XLB Dumplings

Review – XLB (Portland, OR)

XLB – Portland, OR

Visit Date – 3-18-18

Dim Sum Curiosity

When Anna and I decided to visit Portland, we made an effort to seek out places to eat with food we couldn’t get at home.  Asian cuisine is a favorite of ours, but what we get at home is a bit less than authentic.  Being the research guy that I am, I went to work.  That research led me to the excellent Marukin and the even better XLB.

Dumplings (at least the Asian variety) are not a staple of East Tennessee’s restaurant culture.  When I was a kid, there was a place that did Dim Sum on Sunday mornings, but that restaurant has been gone since I was in my

XLB Dumplings

XLB Soup Dumplings

teens.  Television being what it is, Anna and I were curious to try more of this (outside of our area) quite popular food niche.  This led us to XLB.  XLB is known for one thing – their soup dumplings.  Soup dumplings are a tricky thing – protein and gelatinized stock are mixed together and wrapped up in a thin dough before being steamed.  Soup dumplings are XLB’s focal point and they do them excellently.  All of the rave reviews led us to their door to sample their wares.

When you walk in, you place your order at the counter before seating yourself.  Servers bring the food out to you as soon as it is ready.  We decided to go with one order of the soup dumplings, one order of

Shanghai Sausage and Shrimp Noodles

Shanghai Sausage and Shrimp Noodles

Shanghai Pork and Shrimp Noodles, and Chili Shrimp Wontons.  After beverages and tip, we still came out for less than $50. The location is clean and open.  We sat near the back at a long table and enjoyed the atmosphere.  The food came out quickly and we dug in with gusto.

Time to Eat

For the record, the soup dumplings were fantastic.  Blindingly hot inside, but thoroughly delicious.  The wrapper was soft but chewy.  Hot pillows of deliciousness.  The noodle dish was likewise excellent.  Large perfectly cooked shrimp and sausage with noodles cooked correctly.  The wonton dish was also exceptional, though the one dish we would likely skip the next time around in favor of trying something different.  The wontons came in a black bean sauce and were very different from the fried wontons I am used to at home.

We kept coming back to the dumplings though.  Amazing and full of flavor.  If only you could take them with you!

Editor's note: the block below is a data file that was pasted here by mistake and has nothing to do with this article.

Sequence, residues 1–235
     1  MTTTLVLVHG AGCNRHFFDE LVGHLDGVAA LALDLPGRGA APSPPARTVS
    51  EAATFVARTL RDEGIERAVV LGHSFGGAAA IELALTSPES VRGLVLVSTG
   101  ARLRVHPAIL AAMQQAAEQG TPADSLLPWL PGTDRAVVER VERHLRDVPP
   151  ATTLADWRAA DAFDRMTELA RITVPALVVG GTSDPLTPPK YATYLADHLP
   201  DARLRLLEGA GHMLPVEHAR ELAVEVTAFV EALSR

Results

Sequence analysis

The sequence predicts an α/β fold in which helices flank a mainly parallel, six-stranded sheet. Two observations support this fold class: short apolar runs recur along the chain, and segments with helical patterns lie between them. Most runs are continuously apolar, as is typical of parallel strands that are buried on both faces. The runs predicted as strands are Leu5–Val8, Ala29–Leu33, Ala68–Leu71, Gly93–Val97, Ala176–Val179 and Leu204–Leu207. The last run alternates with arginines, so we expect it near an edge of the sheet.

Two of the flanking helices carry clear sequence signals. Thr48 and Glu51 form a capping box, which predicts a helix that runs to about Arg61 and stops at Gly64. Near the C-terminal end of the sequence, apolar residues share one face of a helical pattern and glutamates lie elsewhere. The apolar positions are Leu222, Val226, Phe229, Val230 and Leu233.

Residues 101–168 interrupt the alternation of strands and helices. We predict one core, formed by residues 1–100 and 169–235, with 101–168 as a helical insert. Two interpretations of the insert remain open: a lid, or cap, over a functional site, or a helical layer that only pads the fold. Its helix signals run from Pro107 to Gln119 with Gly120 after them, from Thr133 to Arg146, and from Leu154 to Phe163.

Summary

We devoured every single dumpling and most of the noodles.  Sadly, we still left a bit of the wontons and the noodles behind.  For the price we paid, we were beyond pleased with the meal.  Our friend Caitlin who accompanied us announced at the end of the meal that this would now be on her list of places to go on a regular basis.  I cannot blame her, if we lived anywhere nearby we would be regulars ourselves.

Definitely one of the best meals I have enjoyed – at any price.  Next time I am in Portland, I know where one of my meals will definitely be.

Ramen from Marukin

Review- Marukin Ramen (Portland, OR)

Visit Date: March 15, 2018

Pine Street Market

126 SW 2nd Ave #109

Portland, OR 97204

Marukin Ramen – Pine Street Market Location

Since we were going to be in Portland, and there are some really great restaurants there we decided to get some Ramen.  I am of course speaking of the real kind of ramen, not the stuff you get ten of for a dollar at the grocery store.  I am talking about the real honest to goodness Japanese slurping kind of ramen.

So after a bit of research, we headed to Marukin.  Marukin is the first US outpost of a Japanese ramen chain.  They make their broths and noodles in-house and with a fair degree of care.  Besides ramen, they also have dumplings (gyoza), fried rice bowls, and several other sides.  Intriguingly (I never did get a chance to sample any) they also have a fairly extensive selection of Japanese whiskeys on hand at varying price points (~$10 to ~$50 a glass).

The Pine Street location is part of a dining hall that also features a burger shop, French restaurant, pizza bar, ice cream shop, coffee bar, and a couple other eateries.  Everything is open and seating is shared – pretty much like a food court but with much nicer food available. Continue reading →